2014 Public Company M&A: a short, practical primer

by DLA Piper
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In this new edition of the popular Public Company M&A Primer, originally published in 2013, Ed Batts covers recent changes in the M&A process for public companies. 

Are you considering bidding for a public company? Has your public company received an acquisition bid? What should you do? 

Public/public mergers are highly choreographed affairs within confined conditions dictated by Delaware judicial decisions on the subject – to the extent a deal strays past such guardrails, it is subject to close scrutiny by both plaintiffs’ lawyers and judges in Delaware.

This article is a basic entry-level primer for those unfamiliar, or rusty, with public company mergers. These are general themes, and this list is not a substitute for review by knowledgeable counsel.

You will get sued:  In recent years, more than 80 percent of public/public mergers have been subject to Delaware lawsuits – most of these stemming from purportedly deficient disclosure in publicly filed SEC documents.  Such suits often settle in return for amended disclosure and payment of plaintiffs’ lawyers fees.  Key areas are the background events to the transaction or the financial metrics and others focusing on conflicts of interest.  More substantive suits often revolve around process – how and why a Target board weighed competing offers or whether the Target board was made aware of conflicts of interest.  Accordingly, there is great incentive to listen closely to Delaware judicial precedent as well as SEC guidance.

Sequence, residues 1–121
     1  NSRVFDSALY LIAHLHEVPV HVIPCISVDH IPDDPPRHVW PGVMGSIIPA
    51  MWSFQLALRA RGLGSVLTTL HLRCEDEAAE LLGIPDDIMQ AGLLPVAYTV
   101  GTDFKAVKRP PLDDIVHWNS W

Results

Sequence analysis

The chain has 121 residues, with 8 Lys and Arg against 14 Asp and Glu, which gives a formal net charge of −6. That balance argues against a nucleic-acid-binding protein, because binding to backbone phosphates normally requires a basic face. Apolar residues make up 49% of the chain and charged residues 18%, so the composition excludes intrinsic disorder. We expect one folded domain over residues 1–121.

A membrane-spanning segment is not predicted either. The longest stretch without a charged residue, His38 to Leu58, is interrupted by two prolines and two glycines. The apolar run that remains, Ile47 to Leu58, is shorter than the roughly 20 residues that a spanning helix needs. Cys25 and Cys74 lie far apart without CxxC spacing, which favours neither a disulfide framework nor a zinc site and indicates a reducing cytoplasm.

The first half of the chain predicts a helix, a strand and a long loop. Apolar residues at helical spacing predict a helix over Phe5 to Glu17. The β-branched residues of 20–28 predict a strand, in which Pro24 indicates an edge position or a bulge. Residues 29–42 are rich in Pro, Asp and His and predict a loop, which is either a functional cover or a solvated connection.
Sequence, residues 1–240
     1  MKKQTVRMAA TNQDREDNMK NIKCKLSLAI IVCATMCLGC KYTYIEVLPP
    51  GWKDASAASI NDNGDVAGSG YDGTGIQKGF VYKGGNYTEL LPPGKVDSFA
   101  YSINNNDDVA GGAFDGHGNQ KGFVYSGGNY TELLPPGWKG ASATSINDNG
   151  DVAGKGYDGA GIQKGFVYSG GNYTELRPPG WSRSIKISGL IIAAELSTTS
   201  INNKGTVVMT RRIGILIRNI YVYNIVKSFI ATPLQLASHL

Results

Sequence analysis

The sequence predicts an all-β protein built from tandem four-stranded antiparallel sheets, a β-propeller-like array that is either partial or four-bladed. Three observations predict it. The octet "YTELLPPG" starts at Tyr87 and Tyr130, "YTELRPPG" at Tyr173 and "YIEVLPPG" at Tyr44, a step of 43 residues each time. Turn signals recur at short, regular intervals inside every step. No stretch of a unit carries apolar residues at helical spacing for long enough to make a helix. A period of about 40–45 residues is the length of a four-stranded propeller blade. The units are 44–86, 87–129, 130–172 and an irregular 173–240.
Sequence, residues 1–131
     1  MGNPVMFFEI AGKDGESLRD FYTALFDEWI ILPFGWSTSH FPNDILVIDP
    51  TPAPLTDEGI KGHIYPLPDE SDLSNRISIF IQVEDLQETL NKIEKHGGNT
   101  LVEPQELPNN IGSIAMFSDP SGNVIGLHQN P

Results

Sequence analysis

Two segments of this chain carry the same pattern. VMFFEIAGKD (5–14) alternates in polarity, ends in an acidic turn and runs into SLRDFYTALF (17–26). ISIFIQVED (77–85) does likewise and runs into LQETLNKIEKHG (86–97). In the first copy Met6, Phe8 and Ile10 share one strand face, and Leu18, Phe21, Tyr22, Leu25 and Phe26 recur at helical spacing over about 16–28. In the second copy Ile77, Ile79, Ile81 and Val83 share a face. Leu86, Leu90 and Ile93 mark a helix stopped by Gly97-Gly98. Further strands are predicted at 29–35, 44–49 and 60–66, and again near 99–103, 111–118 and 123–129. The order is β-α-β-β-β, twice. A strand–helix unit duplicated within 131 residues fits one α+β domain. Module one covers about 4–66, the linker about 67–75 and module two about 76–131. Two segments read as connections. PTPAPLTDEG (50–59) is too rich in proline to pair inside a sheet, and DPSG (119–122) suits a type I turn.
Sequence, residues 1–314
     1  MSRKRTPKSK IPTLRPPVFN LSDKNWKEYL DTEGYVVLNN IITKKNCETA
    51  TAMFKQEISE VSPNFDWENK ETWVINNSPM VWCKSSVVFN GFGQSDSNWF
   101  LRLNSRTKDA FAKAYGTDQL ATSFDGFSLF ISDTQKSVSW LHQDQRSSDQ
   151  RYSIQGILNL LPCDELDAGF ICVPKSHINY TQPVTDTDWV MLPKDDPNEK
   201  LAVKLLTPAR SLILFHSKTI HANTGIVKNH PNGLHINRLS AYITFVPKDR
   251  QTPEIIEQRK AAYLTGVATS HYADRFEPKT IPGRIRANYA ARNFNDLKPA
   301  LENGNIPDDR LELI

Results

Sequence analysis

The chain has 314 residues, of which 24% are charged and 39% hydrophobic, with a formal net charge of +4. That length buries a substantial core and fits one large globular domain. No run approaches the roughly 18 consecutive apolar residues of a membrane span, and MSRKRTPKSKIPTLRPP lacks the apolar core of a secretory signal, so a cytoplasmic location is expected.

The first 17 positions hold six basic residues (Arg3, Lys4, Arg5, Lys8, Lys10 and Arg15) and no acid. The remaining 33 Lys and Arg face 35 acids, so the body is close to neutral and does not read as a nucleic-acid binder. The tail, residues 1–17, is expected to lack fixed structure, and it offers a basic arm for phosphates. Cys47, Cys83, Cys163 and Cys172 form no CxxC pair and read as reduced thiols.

There is a Buyer. And a Target.  Although “mergers of equals” exist as an academic term, they rarely come to fruition.  That said, while there is always a larger company and a smaller company, board composition of the combined company can be subject to negotiation.  And in a case where a Target’s board has no appetite to sell at a given price, then, to avoid the entreaties of a prospective Buyer, the Target’s board must rely upon sound business reasoning – not merely knee-jerk indignant intransigence.